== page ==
This report uses the Russian example to reveal the hollow nature of the “diplomatic assurances” that the US government is seeking as it transfers Guantanamo detainees back to their countries of origin, many of which have well documented records of torture.  Under the United Nations (UN) Convention against Torture and Other Cruel, Inhuman or Degrading Treatment or Punishment, as well as domestic law, the United States is prohibited from returning people to countries where there are substantial grounds for believing they would face a danger of torture.  So the US government—like a growing number of others—is asking governments for “diplomatic assurances” that they will not torture or mistreat terrorist suspects upon return.

Such an assurance was sought and obtained from the Russian government in 2004, before the seven detainees were flown home.  Both the US and Russian governments declined to release any substantive information to Human Rights Watch about their 2004 agreement to return the seven detainees.  Each government issued only the sketchiest of statements on March 1, 2004, the day the detainees landed at Moscow’s Sheremetyevo international airport. What agreements the two governments really made remains opaque.

But one fact remains blindingly clear and is extensively documented in this report: Russian law enforcement agents hounded and abused these seven hapless men almost continuously after their return from Guantanamo, ending finally in the arrest or flight of almost all of them.  Some endured mistreatment in detention that amounted to torture.  Whatever promises of fair treatment were made by the Russian authorities, they clearly have been broken.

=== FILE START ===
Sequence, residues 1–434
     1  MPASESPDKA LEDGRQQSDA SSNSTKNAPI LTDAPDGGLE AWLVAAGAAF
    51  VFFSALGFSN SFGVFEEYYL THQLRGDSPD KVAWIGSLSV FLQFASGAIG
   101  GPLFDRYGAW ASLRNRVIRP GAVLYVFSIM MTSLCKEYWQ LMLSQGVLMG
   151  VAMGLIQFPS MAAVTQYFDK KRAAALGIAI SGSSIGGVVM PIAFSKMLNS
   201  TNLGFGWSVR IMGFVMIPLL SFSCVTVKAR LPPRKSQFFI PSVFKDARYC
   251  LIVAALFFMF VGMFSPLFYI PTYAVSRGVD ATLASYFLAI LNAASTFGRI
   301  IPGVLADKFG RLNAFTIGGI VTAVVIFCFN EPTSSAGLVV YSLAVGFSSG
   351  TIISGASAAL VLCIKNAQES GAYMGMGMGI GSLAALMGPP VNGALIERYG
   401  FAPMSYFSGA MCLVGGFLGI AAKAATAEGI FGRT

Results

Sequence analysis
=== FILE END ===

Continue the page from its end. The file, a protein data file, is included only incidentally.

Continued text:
The US government has triply wronged these men: first by detaining them without due process, second by returning them to Russia in violation of international law, and third by failing to follow and protest their mistreatment by Russian authorities after their return. In this last aspect, the Russian government of course bears the greatest and most immediate responsibility. But by branding these seven men “terrorist suspects,” the US government certainly rendered them more vulnerable targets for Russian abuse. In this sad post-Guantanamo tale, both the US and Russian governments have a great deal to answer for.

 Recommendations to the US government

  • Halt immediately the use of diplomatic assurances against torture for the transfer of any person in US custody who is at risk of such abuse upon return, and urge other governments to do the same.
  • Ensure that any decision to transfer is made in full compliance with the US’s domestic and international obligation not to return any person to a place where there are substantial grounds for believing that he or she would be at risk of being subjected to torture.